Time melts when you are wading a trout stream.

Einstein defined the behavior of time, space, and matter; but he failed to take into account this phenomenon that is known mostly to those of us who, contrary to any logic or sense of reason, arise in the gloaming of pre-dawn, and spend most of our free time wading in cold, turbulent waters, seeking contact with small wild trout and their environment; and in the end, losing track of whether we are trying to catch a fish, or trying to capture and absorb the whole perfect cosmos that is encapsulated in a stream where wild trout thrive.

I like to fish streams that are far enough back in the mountains so that you have to decompress and adapt to the surroundings along the way before you get there. Shed our world, and enter another. A riot of chlorophyll, water, rock, and life. Slow down your pace to match everything around you.

Twelve miles of single-track gravel. Seems like a lot. But, after awhile, you quit thinking like a human and begin to notice. You notice through the raindrops on your windshield that the rosebay rhododendrons are in full bloom, almost tunneling the little track that you are driving on.




You notice the bones of the earth-the blocky, tortured, fractured rock of the Anakeeesta formation, everywhere dripping, seeping, and spurting pure, clean water.




After awhile, you arrive at the stream. You put on your wading boots, rig your rod, and step in; sucking in your breath at that first contact with the icy water that surrounds your legs and pours into your boots. You study the creek as the first rays of sunlight burn through the morning mist. Your eyes seek a rising fish, a chughole behind a rock, or a swirling eddy where a trout may lie, waiting for food to be carried down by the never-ending current.




Your first few casts are awkward. Your boots slide on the slippery rocks in the streambed. Your timing is off. Your backcasts as often as not encounter a low-hanging limb. Your mends are off, and your fly isn't matching the speed of the current. You miss the first couple strikes, too absorbed with being yourself to yield to the elements you are immersed in. You aren't there yet. You aren't quite feeling the rhythm of your surroundings.
Gradually, you work into it. You slow down. You quit thinking consciously. It starts feeling right. Everything grows more fluid. Timing. Being. Adjusting.

And, suddenly, your fly is floating exactly with the speed of the current. The timing of your casts is right. And, when part of the water in the stream suddenly becomes a trout rising to your fly, you react without thinking, instinctively. Because you were expecting it. You knew it was about to happen, right there, and right then. You made it happen unconsciously. You are now connected to a part of the stream by a current of energy that runs from the trout, up the line, and through your arm. You bring it to the net, admire it, and release it.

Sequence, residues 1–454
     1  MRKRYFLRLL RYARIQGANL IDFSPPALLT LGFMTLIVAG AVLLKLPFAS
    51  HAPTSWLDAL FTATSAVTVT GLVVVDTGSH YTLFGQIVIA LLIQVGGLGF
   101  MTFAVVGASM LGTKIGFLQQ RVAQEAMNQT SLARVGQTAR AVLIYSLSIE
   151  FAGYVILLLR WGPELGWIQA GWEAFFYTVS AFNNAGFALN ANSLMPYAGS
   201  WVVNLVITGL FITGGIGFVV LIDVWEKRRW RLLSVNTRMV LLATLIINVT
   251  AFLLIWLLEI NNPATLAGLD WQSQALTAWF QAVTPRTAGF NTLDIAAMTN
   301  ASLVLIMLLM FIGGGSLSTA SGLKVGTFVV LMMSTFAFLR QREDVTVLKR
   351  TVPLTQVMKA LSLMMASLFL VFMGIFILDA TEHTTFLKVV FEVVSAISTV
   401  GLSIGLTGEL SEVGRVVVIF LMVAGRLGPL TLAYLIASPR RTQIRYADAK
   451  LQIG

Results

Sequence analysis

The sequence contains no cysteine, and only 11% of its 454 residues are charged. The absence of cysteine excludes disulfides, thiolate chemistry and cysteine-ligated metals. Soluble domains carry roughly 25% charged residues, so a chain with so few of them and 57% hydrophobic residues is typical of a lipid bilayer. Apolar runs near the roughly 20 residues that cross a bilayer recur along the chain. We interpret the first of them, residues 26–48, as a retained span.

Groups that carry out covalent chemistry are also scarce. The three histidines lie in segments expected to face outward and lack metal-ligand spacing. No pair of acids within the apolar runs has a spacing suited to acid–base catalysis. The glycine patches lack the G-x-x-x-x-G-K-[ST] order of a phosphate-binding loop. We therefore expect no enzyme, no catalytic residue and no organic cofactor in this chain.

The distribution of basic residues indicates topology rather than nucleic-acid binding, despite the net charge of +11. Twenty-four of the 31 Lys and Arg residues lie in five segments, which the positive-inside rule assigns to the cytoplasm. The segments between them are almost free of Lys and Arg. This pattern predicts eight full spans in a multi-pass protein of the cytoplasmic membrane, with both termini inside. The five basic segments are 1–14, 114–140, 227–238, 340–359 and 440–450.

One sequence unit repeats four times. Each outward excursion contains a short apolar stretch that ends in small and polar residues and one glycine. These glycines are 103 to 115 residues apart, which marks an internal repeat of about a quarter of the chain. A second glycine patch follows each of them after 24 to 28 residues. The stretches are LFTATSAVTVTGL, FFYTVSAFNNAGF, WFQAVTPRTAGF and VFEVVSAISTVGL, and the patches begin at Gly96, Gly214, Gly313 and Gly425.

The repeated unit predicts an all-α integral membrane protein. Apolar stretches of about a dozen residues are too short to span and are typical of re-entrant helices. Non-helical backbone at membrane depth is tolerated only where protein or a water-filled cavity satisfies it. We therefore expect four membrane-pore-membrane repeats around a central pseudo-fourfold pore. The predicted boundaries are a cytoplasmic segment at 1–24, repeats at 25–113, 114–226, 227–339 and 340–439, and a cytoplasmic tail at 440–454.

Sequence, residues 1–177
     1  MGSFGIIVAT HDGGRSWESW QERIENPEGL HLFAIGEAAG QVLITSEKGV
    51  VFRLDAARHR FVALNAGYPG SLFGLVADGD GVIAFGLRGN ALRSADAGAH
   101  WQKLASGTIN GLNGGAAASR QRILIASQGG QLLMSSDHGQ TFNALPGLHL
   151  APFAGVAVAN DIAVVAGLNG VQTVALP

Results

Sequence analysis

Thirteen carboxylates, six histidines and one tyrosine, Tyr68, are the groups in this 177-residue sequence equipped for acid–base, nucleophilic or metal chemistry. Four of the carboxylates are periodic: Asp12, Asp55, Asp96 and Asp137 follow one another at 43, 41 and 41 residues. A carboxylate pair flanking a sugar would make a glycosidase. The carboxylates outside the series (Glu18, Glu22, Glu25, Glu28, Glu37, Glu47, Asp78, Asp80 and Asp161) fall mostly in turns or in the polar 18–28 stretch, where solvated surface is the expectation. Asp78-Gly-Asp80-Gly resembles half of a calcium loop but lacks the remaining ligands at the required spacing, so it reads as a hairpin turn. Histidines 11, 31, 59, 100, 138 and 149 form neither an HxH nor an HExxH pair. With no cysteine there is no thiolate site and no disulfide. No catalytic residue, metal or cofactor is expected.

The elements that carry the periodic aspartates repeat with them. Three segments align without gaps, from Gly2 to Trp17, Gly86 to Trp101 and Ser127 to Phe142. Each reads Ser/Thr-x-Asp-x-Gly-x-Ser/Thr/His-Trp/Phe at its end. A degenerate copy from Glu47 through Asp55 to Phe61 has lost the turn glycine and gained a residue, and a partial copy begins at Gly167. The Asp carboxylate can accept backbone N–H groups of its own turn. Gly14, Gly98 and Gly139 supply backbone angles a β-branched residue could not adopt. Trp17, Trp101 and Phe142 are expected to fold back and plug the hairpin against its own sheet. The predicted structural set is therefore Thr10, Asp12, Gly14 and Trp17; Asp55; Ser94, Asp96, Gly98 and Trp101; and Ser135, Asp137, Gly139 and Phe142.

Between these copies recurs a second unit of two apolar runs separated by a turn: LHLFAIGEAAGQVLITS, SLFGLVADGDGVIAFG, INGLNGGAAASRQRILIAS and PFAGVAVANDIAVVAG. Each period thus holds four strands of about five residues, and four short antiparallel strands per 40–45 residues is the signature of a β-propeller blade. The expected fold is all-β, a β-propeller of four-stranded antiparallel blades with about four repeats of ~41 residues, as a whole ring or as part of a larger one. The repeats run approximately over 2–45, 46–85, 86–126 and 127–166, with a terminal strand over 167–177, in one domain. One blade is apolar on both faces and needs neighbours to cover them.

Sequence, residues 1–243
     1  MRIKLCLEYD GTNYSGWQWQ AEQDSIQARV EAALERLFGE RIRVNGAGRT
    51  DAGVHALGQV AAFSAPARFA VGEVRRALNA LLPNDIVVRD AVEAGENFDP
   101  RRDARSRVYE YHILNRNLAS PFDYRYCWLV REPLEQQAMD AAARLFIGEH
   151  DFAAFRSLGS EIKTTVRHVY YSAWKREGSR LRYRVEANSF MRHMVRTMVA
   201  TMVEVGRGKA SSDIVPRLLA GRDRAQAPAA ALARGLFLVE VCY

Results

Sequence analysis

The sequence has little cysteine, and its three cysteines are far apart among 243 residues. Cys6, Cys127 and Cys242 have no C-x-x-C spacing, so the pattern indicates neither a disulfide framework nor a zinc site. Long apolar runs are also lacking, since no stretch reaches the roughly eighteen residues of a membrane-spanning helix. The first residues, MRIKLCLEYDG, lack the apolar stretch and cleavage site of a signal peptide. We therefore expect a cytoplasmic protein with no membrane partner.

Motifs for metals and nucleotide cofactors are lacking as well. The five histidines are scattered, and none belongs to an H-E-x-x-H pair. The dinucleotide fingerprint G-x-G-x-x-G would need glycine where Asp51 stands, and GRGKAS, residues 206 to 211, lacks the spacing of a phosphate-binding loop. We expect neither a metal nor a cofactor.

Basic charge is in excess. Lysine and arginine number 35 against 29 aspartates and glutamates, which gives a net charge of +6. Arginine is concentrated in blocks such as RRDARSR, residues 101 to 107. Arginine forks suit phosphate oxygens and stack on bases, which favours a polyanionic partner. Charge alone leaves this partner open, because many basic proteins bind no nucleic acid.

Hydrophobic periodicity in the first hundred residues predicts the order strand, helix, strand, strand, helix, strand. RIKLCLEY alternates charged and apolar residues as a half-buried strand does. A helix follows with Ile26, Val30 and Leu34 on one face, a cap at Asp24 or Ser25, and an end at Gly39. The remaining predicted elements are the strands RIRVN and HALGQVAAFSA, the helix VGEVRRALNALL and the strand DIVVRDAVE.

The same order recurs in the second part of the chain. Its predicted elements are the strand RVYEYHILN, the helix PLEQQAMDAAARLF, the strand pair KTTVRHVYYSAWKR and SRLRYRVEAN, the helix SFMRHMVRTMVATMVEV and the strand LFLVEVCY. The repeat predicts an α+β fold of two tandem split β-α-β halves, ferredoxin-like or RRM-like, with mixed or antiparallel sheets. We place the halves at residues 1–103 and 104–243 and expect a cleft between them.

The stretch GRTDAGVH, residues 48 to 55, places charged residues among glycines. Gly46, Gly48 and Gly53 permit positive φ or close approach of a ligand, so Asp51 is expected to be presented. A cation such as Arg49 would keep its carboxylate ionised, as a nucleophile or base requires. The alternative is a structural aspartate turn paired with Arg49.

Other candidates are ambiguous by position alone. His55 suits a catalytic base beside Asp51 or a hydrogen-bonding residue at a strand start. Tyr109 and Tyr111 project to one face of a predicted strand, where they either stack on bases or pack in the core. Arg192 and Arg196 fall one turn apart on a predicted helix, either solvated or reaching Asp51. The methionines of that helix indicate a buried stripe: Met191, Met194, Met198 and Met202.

Now, you start to enter The Zone. Nothing else exists, just you, the stream, the trout, and the forest around you. This is why you go this far into the woods to fish, so that you aren't bothered by other people, other thoughts, other things. Everything that matters is here and now.

More trout come to hand. You don't count, because it doesn't matter. You are tuned in. You are part of all that surrounds you. You can almost feel the energy transfer of the giant trees above you eating sunlight: converting solar energy, the carbon dioxide that you are exhaling, and water into carbohydrates, sugars, and the oxygen that you are inhaling. Mycorrhiza connect the roots of one tree to another, sharing water, nutrients, life. Mushrooms sprout from the mycelium. Some of the mycelium that share life between trees also creep into the heartwood of the giant trees, sucking life and rotting their hearts. Shrubs, ferns, forbs, and mosses sprout in the spaces between the tree trunks. Caterpillars munch leaves. Parasitic wasps lay eggs on the caterpillars. Birds swoop down and eat the parasitic wasps. Some caterpillars live and pupate, Butterflies flutter by. A kingfisher dips its bill into the creek and comes out with a fingerling trout. A mayfly hatches and floats until its wings harden, then flutters away, and will soon return to layits eggs in the surface film of the stream, where they will hatch into nymphs, which will cling to rocks and hide from the trout. Another mayfly is eaten by a trout before it has the chance to fly. And on and on. At the heart of it all is magic water, and you are standing knee-deep in it. It's all connected.

In this state of mind, nothing exists outside of where you are.

Time melts.

When you look down and see a snake beside your foot, you aren't startled. You give it room and try to keep from bothering it as it does what it is doing.




When an errant cast lands your fly in a rhododendron limb, instead of cussing, you admire the blooms on it.




And, when lightening flashes, thunder rolls, and the sky opens, you make your way back to your truck for shelter. It isn't a bad thing. Because you are in the state of mind that realizes that this is the reason for the breathing trees, the water pouring from rocks that creates the stream that you are standing in and the trout that live in it. The base cause of the magic.




As you wait out the storm, you tune the satellite radio in your truck to the bluegrass channel. Because anything else besides the haunting minor-key vocals and plaintive acoustic instruments would be sacrilege here.

After awhile, the rain stops, and the sun comes out, peeking here and there through banks of clouds. Foggy mist rises from the ground and the water as the sun touches them. You fish more. The trout are hitting even better after the storm as the creek has risen and taken on a bit of color.